The former president of the University College of the Cayman Islands used college funds to shower gifts, including diamond rings and red roses for Valentine’s Day, on a number of “close female friends,” prosecutor Patrick Moran claimed in Grand Court Thursday.
Hassan Syed was dishonestly spending more than US$14,000 a month on his college credit cards during the final year of his presidency, Mr. Moran said.
The prosecutor spent Thursday afternoon walking the jury through a detailed schedule of nearly 300 transactions on two college-funded credit cards.
Mr. Moran highlighted a total of US$209,189,86 in unauthorized personal spending by Mr. Syed during his time at the helm of the college between 2006 and 2008.
The credit card expenses relate to a charge of theft against Syed, one of 12 charges on the indictment. Syed has denied the offenses.
Mr. Moran, opening the prosecution’s case Thursday afternoon, highlighted a series of emails between Mr. Syed and a number of women which he said were “clearly linked” to the credit card expenditure.
“Some of those emails show Mr. Syed was spending money on others,” Mr. Moran said. “It will not take long when you look at those emails to realize that Mr. Syed’s relationship with the people on whom he was spending UCCI money was personal.
“A small number of those recipients of his apparent generosity appear to have been more than just friends.”
The pattern of spending highlighted by Mr. Moran includes overseas business trips, meals and other legitimate expenditure. But the prosecutor said the records showed that Syed quickly began to combine business with pleasure, paying for weekend breaks, jewelry and flowers for his female friends.
He said emails showed Syed planning a trip to Jamaica in November 2006, with a “female associate,” while credit card transactions suggested he was using the cards for personal expenses during that trip.
He returned to Jamaica again, later in November, apparently with a different woman, a member of staff at the Hilton in Kingston, with whom the professor had sparked a “close personal relationship,” according to Mr. Moran. This time, he said, UCCI footed the bill for flights and a two-night stay at the Sandals resort.
Citing an email from the woman to Mr. Syed sent the following Monday, the prosecutor added, “It appears clear that Mr. Syed enjoyed a pleasant weekend with this particular woman and that he did so at the expense of UCCI.”
The card was used again in December to pay for an all-inclusive trip for two to the Negril Inn in Jamaica over Christmas, again an apparent trip with the same female friend.
In early 2007, Mr. Moran said the emails showed Mr. Syed striking up a relationship with another woman, who worked in the Portfolio of the Civil Service.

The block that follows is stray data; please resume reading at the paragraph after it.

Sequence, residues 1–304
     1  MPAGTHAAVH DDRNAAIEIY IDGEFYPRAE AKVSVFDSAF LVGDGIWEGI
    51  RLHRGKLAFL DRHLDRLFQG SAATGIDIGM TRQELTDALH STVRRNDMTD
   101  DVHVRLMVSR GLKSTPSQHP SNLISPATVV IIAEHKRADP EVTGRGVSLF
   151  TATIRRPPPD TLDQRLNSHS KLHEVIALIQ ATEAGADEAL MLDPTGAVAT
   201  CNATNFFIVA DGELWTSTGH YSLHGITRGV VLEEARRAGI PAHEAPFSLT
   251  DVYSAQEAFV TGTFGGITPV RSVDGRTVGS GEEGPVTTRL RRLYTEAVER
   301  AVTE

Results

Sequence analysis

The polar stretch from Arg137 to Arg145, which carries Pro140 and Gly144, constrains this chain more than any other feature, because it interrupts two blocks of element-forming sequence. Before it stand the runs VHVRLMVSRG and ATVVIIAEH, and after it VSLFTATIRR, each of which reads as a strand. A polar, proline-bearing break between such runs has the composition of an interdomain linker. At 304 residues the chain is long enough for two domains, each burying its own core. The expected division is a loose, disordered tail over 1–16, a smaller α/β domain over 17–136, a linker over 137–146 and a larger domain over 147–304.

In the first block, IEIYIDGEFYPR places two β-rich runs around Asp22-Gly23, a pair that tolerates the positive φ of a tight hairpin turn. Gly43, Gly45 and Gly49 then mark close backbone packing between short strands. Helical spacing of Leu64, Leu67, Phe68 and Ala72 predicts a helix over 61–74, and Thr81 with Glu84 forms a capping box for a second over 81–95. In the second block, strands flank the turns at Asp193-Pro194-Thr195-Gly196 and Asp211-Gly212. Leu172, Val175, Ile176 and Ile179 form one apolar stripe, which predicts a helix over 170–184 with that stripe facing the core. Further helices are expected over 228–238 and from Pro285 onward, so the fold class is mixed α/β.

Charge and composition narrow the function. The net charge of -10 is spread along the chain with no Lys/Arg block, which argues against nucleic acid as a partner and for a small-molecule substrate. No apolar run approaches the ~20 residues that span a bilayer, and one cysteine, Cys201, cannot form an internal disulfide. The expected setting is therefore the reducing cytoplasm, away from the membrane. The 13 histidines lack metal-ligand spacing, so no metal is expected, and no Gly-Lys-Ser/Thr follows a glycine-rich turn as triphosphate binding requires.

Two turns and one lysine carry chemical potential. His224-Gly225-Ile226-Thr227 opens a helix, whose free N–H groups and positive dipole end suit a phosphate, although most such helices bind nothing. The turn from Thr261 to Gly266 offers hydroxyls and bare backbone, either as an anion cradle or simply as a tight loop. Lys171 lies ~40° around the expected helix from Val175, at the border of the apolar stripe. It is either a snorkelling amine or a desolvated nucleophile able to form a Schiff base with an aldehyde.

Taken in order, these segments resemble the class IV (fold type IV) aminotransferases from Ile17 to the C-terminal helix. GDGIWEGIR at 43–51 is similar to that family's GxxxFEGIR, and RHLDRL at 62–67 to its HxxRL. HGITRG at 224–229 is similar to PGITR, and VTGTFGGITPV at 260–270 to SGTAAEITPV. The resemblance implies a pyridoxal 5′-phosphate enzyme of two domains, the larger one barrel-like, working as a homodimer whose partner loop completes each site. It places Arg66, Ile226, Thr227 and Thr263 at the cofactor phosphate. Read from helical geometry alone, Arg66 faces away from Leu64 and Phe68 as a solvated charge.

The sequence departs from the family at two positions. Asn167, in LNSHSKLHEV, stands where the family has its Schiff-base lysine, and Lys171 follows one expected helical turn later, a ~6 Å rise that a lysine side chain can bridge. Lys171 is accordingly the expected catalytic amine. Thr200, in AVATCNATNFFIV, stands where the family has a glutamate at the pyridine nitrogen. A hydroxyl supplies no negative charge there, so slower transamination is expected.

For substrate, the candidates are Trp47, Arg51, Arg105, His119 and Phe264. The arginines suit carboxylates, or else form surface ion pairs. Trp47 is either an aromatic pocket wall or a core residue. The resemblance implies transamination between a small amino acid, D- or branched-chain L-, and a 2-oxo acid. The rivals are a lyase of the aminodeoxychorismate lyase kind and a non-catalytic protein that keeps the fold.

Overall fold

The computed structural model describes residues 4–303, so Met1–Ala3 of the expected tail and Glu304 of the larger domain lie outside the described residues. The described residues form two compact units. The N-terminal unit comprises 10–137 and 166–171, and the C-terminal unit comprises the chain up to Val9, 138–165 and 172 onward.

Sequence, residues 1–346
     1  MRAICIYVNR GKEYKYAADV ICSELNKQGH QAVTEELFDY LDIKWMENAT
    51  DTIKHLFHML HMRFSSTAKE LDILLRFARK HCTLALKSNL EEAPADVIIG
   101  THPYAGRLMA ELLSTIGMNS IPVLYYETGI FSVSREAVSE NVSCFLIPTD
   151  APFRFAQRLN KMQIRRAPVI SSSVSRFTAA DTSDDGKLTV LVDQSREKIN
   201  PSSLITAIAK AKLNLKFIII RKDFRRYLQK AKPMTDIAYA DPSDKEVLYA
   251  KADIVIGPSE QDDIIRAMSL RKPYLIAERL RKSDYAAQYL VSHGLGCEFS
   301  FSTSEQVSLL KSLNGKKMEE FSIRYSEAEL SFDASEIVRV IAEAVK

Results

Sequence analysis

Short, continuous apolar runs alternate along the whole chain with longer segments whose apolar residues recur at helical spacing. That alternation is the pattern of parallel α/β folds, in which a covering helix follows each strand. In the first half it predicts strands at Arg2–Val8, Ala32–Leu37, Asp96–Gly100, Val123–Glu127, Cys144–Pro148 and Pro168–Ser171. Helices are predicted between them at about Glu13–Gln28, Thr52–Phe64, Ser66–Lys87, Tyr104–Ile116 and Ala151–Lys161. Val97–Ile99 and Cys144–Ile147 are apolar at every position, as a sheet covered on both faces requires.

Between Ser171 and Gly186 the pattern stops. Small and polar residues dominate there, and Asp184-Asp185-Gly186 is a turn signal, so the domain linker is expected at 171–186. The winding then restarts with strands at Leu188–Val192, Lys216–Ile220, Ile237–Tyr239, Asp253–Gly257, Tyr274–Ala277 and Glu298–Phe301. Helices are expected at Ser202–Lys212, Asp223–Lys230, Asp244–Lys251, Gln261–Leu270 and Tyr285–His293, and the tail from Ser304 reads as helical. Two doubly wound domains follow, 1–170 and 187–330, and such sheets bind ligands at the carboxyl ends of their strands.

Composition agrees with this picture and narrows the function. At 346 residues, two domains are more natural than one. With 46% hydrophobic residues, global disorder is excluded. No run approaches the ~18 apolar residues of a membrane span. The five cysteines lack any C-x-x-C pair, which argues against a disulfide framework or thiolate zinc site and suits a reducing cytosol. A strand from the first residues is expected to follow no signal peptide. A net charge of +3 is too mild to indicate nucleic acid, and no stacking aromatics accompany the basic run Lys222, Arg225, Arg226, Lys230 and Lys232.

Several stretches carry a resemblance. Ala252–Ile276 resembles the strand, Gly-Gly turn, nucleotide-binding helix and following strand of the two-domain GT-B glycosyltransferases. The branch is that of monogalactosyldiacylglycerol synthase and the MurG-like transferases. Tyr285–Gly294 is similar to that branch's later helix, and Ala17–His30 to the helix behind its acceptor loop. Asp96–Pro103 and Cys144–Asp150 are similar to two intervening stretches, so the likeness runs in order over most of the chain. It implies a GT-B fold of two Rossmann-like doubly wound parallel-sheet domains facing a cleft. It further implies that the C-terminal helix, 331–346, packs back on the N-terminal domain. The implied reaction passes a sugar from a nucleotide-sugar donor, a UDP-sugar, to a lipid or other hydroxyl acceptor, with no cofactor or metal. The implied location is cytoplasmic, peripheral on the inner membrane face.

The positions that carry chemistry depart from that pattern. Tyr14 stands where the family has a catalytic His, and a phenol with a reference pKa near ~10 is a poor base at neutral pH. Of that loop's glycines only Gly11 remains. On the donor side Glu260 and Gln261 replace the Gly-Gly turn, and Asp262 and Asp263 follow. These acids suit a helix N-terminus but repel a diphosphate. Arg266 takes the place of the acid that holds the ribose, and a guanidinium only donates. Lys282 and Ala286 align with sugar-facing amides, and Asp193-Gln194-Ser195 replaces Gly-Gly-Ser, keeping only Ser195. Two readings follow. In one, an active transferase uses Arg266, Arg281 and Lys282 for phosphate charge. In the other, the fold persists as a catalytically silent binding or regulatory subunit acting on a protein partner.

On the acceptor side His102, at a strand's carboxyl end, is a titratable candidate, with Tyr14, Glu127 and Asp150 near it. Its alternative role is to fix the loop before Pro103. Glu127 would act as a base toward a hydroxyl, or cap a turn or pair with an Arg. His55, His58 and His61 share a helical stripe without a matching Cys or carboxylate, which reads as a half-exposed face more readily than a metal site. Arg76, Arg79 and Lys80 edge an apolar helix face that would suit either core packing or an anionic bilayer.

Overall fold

He said Syed had treated the woman to a meal at The Ritz-Carlton, later taking her to an event at the same location, according to the email chain. Credit card records show Syed spending US$1,200 of college funds on a diamond ring the next day and spending another US$6,000 on jewelry a few weeks later.
Syed later purchased tickets for an ocean suite room in Jamaica, referring to the woman as his fiancé in emails, Mr. Moran said.
The prosecutor detailed a series of further transactions including trips to The Ritz-Carlton spa and jewelry purchases for a number of women, one of whom he said appeared to be a former student.
The women were not named in court and it was not always clear which woman Mr. Moran was referring to.
In September 2007, Syed used the card and other college funds to buy a king-size mattress and a four-poster bed, the prosecutor alleged.
In the run-up to Christmas 2007, he bought 13 separate items of jewelry, ranging in price from US$150 to US$2,150, from Tiffany’s jewelry store. He later traveled to London on official business, spending a further US$5,000 at Harrods during that trip.
The spending on trips, jewelry, home furnishings and car repairs both for himself and female friends continued in early 2008, the prosecutor said.
On Feb. 13, 2008, he spent US$150 on red roses.
“This transaction, the day before St. Valentine’s day, perhaps makes it clear that this was again expenditure unrelated to UCCI,” Mr. Moran said.
In his time as president of UCCI, between August 2006 and May 2008, Syed is alleged to have dishonestly spent just over US$200,000 – an average of US$11,000 every month – on UCCI-funded cards.
Mr. Moran said the spending increased over time and, in the final 12 months of his presidency, Syed spent US$172,000 – more than US$14,000 a month – on the college cards.
The credit card transactions relate to a single count of theft on the 12-count indictment. Syed is also accused of pretending to have a doctorate in order to get the president’s position, which came with a CI$132,000 salary, and dishonestly spending the college’s money in a variety of other ways. In all, he is alleged to have stolen more than CI$500,000 from UCCI.
Prosecutor Mr. Moran was scheduled to conclude his opening statement Monday morning.
Syed denies the offenses.